High inventories to dull, not destroy intermodal peak season

BNSF1_0Not since the Great Recession has the inventory to sales ratio been as high as it is today. Even in 2006, when upwards was the only direction, the inventory-to-sales ratio wasn’t this high. So either a correction is necessary, or something has changed to allow such a phenomenon to persist. Already a slight slowdown in freight has been observed, and documented extensively. Trucking and intermodal rate growth has softened. Beyond the numbers, several observers of the industry have commented on a reduction in demand. The freight industry has hit a mid-year lull.

The reason we are here is all over the news. Poor trade volumes, combined with and in some part causing turmoil in China, have roiled stock markets. This has put pressure on consumer spending; as wealth disappears increased saving is a typical response. Lower oil prices were supposed to increase consumption, but it now appears consumers have simply banked the savings. Both behaviors by consumers have caught businesses off-guard. The standard economic symptom of a surprise in consumption is a significant change in inventories, and with non-farm inventories gaining in near exact proportion with declines in sales this summer, it would appear business had not an inkling.

Inventories are a primary driver of near-term freight conditions, and the impact has been noted. Intermodal growth this year has been the slowest in five years; will intermodal follow the trajectory of the rest of the freight industry and finish the year in a deceleration?

There are several reasons to believe that while the global economy faces headwinds, intermodal volumes will likely be largely unaffected. Chief among these is that while saving has increased, spending is still growing in spite of increased saving.

Fundamentally, the U.S. economy is strong relative to the remainder of the world and this has pushed up the value of the dollar. As volatility increases investors buy safer assets, U.S. assets, and this drives up the dollar. Increased savings, reduced oil imports and tightening monetary policy all put upward pressure on the dollar. The effect is an increase in the buying power of U.S. consumers abroad, spurring substitution of domestically produced goods for foreign ones. The majority of intermodal container traffic stems from imports. Even as U.S. GDP growth slows, growth in the share of consumption that is imported has taken up the slack, leading to large growth in intermodal container shipments this year, port strikes aside. These headwinds to the global economy are backwinds for intermodal, as it heads in the opposite direction of the global economy.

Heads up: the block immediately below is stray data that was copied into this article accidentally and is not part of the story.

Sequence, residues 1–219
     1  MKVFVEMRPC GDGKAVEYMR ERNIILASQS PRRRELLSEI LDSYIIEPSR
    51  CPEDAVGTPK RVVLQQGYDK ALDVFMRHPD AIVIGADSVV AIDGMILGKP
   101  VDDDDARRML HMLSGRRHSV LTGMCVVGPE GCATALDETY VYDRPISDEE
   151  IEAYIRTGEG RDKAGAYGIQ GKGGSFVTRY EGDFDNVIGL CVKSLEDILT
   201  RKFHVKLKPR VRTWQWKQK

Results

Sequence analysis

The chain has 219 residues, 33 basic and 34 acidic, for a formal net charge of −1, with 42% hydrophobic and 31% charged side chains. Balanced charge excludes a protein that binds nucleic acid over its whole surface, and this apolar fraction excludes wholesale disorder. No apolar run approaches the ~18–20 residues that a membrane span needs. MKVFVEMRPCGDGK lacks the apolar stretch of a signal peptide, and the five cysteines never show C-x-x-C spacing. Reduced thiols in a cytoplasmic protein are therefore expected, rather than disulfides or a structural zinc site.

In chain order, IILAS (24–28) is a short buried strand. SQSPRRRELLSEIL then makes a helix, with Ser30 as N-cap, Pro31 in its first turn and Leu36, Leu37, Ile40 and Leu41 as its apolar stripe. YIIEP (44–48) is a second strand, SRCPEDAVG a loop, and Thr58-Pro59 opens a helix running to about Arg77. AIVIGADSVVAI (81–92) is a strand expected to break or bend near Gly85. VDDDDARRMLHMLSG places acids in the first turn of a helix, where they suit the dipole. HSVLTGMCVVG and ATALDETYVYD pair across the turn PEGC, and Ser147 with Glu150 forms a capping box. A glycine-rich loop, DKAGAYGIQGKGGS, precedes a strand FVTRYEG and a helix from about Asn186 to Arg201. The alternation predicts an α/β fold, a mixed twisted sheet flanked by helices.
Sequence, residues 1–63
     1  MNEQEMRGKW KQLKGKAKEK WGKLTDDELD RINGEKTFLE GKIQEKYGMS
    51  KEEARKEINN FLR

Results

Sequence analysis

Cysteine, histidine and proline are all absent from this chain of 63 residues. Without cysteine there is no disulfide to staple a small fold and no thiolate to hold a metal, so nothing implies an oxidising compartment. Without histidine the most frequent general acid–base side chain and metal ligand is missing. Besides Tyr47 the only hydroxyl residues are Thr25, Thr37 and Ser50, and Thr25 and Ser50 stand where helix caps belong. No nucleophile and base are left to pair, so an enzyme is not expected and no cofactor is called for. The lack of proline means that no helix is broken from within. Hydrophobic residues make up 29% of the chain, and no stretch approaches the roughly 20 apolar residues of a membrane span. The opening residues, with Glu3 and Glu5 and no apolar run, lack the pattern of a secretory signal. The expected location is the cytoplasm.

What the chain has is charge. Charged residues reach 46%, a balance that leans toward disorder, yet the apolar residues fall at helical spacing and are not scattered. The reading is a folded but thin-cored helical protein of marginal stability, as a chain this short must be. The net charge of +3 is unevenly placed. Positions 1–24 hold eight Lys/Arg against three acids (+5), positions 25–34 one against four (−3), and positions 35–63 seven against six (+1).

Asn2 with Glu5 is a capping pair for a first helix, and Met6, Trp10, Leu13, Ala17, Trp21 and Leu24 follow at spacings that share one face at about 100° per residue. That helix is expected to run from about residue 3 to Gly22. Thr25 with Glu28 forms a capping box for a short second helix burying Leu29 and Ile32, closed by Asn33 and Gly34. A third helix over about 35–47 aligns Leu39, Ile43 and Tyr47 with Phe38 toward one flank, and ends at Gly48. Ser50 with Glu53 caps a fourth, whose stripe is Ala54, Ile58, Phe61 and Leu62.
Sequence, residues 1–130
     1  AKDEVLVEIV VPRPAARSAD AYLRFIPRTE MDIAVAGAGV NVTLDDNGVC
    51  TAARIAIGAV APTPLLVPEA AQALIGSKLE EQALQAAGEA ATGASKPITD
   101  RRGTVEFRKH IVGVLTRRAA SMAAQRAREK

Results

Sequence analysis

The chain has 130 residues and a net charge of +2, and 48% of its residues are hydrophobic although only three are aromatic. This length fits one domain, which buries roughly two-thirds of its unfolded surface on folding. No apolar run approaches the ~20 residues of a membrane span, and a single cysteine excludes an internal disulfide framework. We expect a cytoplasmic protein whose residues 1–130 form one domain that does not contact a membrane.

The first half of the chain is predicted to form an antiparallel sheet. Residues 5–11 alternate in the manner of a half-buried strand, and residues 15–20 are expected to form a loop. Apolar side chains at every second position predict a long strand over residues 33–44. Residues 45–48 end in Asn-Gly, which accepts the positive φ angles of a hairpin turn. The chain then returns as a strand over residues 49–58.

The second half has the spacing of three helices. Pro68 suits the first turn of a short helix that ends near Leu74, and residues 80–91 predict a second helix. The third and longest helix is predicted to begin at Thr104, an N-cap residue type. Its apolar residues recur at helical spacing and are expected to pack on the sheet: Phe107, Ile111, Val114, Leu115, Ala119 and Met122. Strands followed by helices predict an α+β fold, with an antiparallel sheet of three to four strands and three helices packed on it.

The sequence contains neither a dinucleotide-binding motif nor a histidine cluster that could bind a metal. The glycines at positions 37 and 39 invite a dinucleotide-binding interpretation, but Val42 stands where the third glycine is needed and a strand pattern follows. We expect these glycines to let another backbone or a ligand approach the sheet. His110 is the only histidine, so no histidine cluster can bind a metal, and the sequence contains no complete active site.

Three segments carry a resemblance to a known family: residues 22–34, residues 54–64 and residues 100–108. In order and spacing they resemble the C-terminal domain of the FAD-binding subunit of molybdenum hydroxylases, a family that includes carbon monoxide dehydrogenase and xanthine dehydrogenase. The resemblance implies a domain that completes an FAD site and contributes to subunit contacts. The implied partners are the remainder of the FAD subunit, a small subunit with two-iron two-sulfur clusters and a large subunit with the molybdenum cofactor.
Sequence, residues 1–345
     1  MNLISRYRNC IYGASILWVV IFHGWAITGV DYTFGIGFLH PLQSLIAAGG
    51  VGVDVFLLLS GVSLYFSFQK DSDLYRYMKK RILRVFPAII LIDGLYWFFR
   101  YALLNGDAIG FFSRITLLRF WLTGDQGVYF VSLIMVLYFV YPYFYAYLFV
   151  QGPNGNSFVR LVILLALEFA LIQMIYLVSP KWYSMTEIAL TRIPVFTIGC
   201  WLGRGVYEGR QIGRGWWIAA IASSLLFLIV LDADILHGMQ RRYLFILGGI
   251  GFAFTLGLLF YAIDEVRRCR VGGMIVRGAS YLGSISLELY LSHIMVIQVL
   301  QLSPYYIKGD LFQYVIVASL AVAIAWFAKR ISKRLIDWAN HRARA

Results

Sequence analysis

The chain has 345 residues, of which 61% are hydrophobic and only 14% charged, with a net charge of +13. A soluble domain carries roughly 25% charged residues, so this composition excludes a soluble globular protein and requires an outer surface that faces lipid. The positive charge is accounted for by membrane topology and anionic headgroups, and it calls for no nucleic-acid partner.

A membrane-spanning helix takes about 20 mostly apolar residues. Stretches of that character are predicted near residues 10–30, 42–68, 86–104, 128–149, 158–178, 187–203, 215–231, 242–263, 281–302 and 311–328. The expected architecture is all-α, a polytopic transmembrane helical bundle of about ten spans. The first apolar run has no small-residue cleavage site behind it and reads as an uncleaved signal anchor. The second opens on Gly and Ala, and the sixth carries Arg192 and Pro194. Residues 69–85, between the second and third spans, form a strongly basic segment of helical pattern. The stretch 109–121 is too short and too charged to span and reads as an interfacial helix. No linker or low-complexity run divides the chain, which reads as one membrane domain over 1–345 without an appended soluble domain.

This is not to say that intermodal is a fortress. Container volumes are closely correlated with U.S. GDP. The IHS first-quarter forecast called for the slowest intermodal container movements growth since 2009, and this is surely correct. Low oil prices have made trucking more competitive and weaker manufacturing growth has reduced overall demand. Further, trailer loadings have been reduced as parcel shippers and trucking companies relocating empty trailers rely increasingly on tractors instead of intermodal platforms due to lower oil prices. But the largest segment, international containers combined with transloaded domestic containers, intermodal movements stemming from imports, continues to grow robustly.

The segments of the economy that are most closely tied to intermodal shipments have the healthiest inventory levels. Retailers overall saw a 4 percent increase in inventories in July, accompanied by a 2.3 percent gain in sales, leaving the inventory-to-sales ratio at 1.4 compared to 1.37 last year. Manufacturers saw their inventory-to-sales ratio gain 0.6. The story becomes clearer when looking at inventories by the kind of business. Furniture is the largest containerized commodity group imported, and furniture stores show a decline in inventories from last year.

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